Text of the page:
Twelve Tips for Job Hunters

Job hunting, at best, is the worst.  Whether you’re a recent college grad, a Millennial making your seventh job hop, or a sixty-something considering your sixth career change, you can’t read too many useless job-hunting articles with too many useless tips.

So, here are 12 more to consider:

1.  There are no jobs in Los Angeles (or St. Louis, or Tucumcari, etc.).

I have this on good authority from a headhunter – excuse me, “executive search consultant.”  Oh, I know thousands of people get in their cars every morning and go somewhere, but don’t ask me where.  Maybe a little early Christmas shopping?

2.  When you call someone they are never in. If you leave a message, they never call back. nasty receptionist with gum_01

Companies post jobs in their “Careers” section on their websites that implore you to “Call Muffie at 619-555-7878.”  No matter what day you call, Muffie will not be in.  Muffie will never be in.  After much pleading, the surly receptionist may deign to take down your name and number.  I suspect she uses the message slip to discard her latest wad of gum.

3.  Be suspicious of any ad that boasts “fabulous growth rate,” “unlimited earning potential,” “glamorous environment” or “four-star corporation.”

This is another way of saying “Your salary will be chopped liver because you’ll have the privilege of working in a glamorous environment with a fabulous growth rate and unlimited earning potential at a four-star corporation.”

4.  Learn the secret language of prospective employers.

So you wrote a brilliant cover letter and emailed it, along with your equally brilliant resume, and now, three days later, you’re doing your follow-up phone call.  If you actually get past the secretary (with her snotty “I-have-a-job-and-you-don’t” voice) to the director of Personnel, excuse me, Human Resources, listen for these key phrases and know what you’re really hearing:

Refresh my memory. I never heard of you.
What exactly are you looking for? Why are you bothering me?
How did you happen to contact us? Why are you bothering me?
I just received your resume this morning. Hold on while I dig it out of the wastebasket.
You may be overqualified. Creep!  You’re after my job!
There are no openings at the moment. There are no jobs in Los Angeles, etc.
So we’re not hiring right now. We’re not hiring you, right now or ever.
But I’ll keep your resume on file. If I ever dig it out of the wastebasket.
Why don’t you call me next month? I’ll be in Spain.
I appreciate your interest. Go bother someone else.

 5.  Lie on your resume.

Contrary to popular belief, composing a good resume is not an art form.  Lying on your resume is.  Since nobody reads past the first three sentences anyway, feel free to list positions like “Chairman of the Board, Naganishi Motors” and “Chief of Brain Surgery, Vienna General Hospital.”  If someone actually reads that far into your resume, smile modestly, say, “Yes, but I don’t like to brag,” and change the subject.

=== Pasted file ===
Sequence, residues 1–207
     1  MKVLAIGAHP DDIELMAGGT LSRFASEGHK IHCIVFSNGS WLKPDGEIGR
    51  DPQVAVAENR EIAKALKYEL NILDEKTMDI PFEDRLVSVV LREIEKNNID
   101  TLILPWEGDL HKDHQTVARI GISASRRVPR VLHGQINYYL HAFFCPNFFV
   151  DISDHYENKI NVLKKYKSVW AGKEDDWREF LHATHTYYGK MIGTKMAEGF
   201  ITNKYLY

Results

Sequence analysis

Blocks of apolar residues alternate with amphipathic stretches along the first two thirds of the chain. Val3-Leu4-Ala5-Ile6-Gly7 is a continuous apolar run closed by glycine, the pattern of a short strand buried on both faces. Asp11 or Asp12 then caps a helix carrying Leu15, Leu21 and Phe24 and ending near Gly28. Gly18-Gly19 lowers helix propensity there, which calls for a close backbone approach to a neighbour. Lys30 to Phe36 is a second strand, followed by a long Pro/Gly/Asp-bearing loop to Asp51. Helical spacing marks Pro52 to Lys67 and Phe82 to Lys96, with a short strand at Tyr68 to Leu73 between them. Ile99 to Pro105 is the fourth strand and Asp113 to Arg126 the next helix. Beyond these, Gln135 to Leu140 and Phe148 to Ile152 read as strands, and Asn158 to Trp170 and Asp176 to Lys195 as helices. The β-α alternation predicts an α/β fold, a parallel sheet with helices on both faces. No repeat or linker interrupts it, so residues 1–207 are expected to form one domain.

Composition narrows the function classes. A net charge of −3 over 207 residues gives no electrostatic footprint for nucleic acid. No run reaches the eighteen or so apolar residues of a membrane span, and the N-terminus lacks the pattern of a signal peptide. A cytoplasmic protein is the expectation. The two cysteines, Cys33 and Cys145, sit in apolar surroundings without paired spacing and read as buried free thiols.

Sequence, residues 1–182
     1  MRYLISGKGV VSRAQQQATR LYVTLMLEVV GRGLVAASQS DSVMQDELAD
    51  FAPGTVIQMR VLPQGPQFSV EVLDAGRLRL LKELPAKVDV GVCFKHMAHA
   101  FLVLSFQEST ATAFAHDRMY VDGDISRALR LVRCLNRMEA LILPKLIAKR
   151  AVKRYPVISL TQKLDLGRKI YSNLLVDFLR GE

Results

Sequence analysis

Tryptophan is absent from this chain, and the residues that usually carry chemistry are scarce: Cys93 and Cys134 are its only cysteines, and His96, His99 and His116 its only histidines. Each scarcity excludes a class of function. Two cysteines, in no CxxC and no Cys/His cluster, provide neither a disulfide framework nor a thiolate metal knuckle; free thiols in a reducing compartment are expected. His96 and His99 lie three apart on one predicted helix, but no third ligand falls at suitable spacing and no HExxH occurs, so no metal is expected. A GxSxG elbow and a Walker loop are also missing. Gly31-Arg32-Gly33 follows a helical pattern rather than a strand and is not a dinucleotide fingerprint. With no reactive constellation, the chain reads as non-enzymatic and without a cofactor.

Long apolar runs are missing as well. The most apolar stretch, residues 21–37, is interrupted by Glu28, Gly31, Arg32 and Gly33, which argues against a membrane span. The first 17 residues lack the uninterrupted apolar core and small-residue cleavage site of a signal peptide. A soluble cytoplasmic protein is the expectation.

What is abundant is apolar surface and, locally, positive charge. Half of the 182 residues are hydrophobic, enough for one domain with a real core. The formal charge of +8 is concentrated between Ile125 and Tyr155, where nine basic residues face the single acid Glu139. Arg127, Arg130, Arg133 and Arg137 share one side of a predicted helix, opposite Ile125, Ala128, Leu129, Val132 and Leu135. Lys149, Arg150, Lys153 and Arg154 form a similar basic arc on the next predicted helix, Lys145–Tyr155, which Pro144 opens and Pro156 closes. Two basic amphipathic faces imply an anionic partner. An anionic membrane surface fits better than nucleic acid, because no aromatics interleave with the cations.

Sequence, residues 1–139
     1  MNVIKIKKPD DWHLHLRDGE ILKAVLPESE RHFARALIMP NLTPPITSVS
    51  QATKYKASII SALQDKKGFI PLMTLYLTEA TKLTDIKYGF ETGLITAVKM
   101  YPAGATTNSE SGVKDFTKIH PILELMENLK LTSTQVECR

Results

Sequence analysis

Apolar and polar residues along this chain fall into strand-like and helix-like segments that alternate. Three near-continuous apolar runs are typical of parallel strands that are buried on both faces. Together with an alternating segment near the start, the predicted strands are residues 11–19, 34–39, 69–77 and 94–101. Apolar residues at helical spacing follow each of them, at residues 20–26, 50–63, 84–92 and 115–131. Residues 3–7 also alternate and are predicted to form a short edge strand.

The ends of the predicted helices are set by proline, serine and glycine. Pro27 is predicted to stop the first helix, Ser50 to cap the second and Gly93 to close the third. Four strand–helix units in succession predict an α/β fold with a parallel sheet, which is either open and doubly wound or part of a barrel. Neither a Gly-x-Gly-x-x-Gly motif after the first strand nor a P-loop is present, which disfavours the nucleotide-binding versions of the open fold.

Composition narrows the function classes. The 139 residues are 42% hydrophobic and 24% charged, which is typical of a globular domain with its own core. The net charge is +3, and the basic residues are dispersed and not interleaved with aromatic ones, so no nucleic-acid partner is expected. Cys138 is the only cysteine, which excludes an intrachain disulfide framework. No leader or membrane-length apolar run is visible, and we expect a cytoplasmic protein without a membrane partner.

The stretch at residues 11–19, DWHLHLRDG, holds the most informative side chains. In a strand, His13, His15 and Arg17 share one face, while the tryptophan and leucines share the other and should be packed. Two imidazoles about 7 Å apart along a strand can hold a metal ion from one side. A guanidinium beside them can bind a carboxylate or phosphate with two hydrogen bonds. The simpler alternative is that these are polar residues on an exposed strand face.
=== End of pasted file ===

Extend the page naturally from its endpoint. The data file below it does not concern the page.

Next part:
6.  Lie at your interview.

Go ahead, have some fun with it!  What you say in an interview is mostly irrelevant, since the interviewer knew two seconds after you walked in if she’s going to hire you or not.  Mostly it’s “not,” especially if your palm was sweaty when you shook hands.  So…

7.  Learn to love rejection.

woman staring at phoneFor women, a job interview is like a date when the guy says “I’ll call you,” and he never does.  For men, a job interview is like a date when the woman says “I had a great time,” but she’s always busy when he calls.  If your love life is something less than nirvana, don’t job hunt unless you really, REALLY love rejection.

8.  Have some questions prepared for your interview.

I don’t mean stuff like “How many product lines are you currently marketing?” or “What is your anticipated growth rate for this fiscal year?”  I mean important stuff like “Where is there to park around here?” and “What’s a good place for lunch?”  You don’t want to walk into this blind, do you?

9.  Have some answers prepared for your interview.

Interviewers often ask prospective employees why they want to leave their current jobs.  “Because my boss is gravy-sucking slime” is succinct, and probably true, but a little tact comes in handy here.  “I want to take on more responsibilities!” and “I’m ready for more challenges!” score high with interviewers, but only if you say them with a straight face.

10.  Write a follow-up thank-you note.

“Dear Mr. Smith, Thank you for fitting in our interview between lunch and your handball game.  I can certainly appreciate how busy you are – you took five calls and had a meeting during the 15 minutes I was there!  One day I hope to emulate your multi-tasking skills!  I’ve enclosed another resume since you couldn’t find the one in your wastebasket that I sent last week…”

11.  Take another look at your current job.

Maybe a dead-end, boring, enervating, degrading and/or low-paying job isn’t such a bad thing after all.  The President of the United States is in a dead-end job, isn’t he?  He knows he could be out of work in a few years, so at least you’re better off than he is.

12.  Avoid career assessment seminars, career change seminars, career networking seminars – any seminars.

Be honest.  Do you know anyone who attended a seminar and then went out and found the job of their dreams?  And who needs to spend $1,000 to hear sommoney envelopeeone talk about “Systematized Management Concepts” or “Using Humor in a Termination”?  Save your $1,000.

Better yet, send me the $1,000.

I’m still unemployed.

Darned if I know why.


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